Moser X MB&F Endeavour Cylindrical Tourbillon Ref 1810-1201, Limited Edition of 15 pieces
The tourbillon is one of the most fascinating horological complications with origins dating back to the late 16th century. It is basically a mechanism that improves the precision of a watch by having the escapement placed within a carriage that rotates completely on its own axis.
The revolution of the mobile carriage allows positional errors caused by gravity on the escapement to be cancelled or averaged out, resulting in a more constant rate. In other words, higher timing accuracy can be achieved, most notably so for timepieces such as pocket watches which are kept mostly upright in a vertical position.
Invented by Abraham-Louis Breguet (1747 to 1823) in 1795, the tourbillon was patented in 1801. A French word, tourbillon means “whirlpool” or “whirlwind” when translated to English. Tourbillon is a term used to describe typhoons, hurricanes and tornados. It can also be taken to mean “violent rotation”.
The Tourbillon is reconstruct to feature a cylindrical hairspring.
However, in horology, the tourbillon term has no link whatsoever to storms. That is simply because such violent forces of nature do not pair well with the calm and regularity of this mechanical wonder. The tourbillon term coined by Breguet came from astronomy. Used by French astronomers and philosophers, tourbillon or vortex referred to a planetary system and its rotation around a single axis.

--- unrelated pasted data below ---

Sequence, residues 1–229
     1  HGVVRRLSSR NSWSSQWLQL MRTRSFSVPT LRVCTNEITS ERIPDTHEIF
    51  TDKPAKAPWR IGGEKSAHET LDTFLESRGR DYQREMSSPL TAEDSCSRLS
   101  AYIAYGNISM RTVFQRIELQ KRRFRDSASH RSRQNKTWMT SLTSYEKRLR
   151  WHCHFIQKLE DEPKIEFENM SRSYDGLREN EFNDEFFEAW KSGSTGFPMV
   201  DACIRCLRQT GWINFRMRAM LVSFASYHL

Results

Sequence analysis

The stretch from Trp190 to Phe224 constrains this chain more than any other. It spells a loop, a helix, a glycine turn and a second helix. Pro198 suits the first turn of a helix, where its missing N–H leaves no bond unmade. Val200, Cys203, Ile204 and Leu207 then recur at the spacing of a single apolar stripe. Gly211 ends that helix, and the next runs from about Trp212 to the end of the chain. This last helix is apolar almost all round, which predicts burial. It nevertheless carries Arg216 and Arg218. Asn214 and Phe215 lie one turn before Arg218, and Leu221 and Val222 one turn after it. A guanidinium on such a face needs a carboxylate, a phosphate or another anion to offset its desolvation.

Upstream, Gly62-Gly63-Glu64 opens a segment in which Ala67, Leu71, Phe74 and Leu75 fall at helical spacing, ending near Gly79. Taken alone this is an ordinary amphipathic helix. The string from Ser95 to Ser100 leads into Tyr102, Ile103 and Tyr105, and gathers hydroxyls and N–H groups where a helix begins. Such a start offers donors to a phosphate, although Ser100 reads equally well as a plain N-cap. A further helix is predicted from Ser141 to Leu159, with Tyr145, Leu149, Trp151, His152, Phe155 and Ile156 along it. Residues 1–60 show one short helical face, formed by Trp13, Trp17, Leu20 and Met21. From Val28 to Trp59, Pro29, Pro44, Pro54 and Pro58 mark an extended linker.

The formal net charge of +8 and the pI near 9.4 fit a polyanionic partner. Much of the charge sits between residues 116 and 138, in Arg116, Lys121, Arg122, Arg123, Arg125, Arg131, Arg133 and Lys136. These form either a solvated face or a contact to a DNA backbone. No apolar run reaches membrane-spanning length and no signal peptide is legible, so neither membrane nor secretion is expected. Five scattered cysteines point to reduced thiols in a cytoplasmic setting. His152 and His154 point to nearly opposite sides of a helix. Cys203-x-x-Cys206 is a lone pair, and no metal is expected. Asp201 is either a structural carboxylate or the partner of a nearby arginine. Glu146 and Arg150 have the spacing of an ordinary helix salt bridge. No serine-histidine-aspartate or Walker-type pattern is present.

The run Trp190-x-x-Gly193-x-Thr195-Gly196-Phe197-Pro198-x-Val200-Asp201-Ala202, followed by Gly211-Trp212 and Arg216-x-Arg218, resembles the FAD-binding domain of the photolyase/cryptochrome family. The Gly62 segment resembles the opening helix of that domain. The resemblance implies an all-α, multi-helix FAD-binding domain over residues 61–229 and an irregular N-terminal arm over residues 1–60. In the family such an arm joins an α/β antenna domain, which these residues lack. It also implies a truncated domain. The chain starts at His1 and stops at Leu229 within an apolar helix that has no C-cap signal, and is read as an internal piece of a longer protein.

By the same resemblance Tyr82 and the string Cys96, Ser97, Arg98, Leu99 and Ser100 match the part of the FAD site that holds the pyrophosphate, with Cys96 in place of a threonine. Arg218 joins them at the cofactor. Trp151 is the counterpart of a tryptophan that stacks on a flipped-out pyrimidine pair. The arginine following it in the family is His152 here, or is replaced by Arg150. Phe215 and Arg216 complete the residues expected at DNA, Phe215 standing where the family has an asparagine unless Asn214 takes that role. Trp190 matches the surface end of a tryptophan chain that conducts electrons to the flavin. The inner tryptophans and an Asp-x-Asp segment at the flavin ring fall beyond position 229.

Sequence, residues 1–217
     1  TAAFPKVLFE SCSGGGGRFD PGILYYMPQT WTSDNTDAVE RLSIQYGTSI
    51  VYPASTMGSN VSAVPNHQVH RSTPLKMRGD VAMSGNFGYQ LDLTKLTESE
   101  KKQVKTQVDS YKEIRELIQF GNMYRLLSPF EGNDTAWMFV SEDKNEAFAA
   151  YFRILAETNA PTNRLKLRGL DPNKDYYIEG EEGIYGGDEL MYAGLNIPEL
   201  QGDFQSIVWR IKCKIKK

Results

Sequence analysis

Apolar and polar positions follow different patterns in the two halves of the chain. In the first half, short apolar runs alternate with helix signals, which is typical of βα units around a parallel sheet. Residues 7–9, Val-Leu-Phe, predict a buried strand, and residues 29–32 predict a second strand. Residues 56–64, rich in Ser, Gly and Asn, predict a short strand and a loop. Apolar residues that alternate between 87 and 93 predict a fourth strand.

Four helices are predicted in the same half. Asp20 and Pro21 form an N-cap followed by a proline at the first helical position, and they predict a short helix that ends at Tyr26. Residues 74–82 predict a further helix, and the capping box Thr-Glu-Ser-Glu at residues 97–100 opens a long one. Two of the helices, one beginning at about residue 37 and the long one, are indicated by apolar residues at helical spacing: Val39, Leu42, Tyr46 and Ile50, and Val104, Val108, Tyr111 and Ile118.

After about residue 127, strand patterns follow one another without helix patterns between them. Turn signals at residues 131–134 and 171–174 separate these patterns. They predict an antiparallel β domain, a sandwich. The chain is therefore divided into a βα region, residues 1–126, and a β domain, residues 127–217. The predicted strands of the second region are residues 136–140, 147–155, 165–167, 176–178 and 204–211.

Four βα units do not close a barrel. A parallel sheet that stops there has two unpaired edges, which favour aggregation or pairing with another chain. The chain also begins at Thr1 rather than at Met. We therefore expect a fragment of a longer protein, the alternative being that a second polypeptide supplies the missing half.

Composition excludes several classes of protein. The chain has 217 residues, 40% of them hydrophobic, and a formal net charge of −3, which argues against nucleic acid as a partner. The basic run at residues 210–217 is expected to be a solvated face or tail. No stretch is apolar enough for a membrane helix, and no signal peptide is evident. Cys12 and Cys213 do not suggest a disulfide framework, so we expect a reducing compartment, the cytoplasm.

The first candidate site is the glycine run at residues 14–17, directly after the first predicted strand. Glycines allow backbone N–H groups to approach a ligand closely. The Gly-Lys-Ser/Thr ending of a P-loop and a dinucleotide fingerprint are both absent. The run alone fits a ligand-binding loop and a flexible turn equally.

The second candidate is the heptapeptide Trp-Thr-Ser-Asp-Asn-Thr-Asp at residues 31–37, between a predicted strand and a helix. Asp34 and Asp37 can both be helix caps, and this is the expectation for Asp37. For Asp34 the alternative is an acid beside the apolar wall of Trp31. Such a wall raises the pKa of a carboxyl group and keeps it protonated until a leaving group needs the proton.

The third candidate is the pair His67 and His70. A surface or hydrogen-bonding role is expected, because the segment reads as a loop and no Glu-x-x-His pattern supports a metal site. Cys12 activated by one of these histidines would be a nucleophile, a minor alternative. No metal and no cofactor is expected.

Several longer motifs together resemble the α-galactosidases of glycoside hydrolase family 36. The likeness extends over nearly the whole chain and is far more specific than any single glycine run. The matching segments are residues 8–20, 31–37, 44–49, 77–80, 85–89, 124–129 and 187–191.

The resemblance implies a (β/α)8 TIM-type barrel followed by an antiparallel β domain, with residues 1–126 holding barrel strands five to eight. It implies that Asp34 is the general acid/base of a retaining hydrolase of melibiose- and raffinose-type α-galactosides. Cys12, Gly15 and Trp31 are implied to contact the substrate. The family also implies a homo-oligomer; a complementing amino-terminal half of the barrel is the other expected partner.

Tourbillons are highly complex mechanisms. The first commercial tourbillon was produced in 1805. Between 1805 and 1823, only 35 tourbillons were sold. The tourbillon carriages made by Breguet completed one revolution in either 60 seconds, two minutes, four minutes or six minutes.
Though the tourbillon does not feature a horological indication, it is still widely regarded as a complication. Bear in mind that the tourbillon is a complex mechanism and eliminates the rate errors in a watch.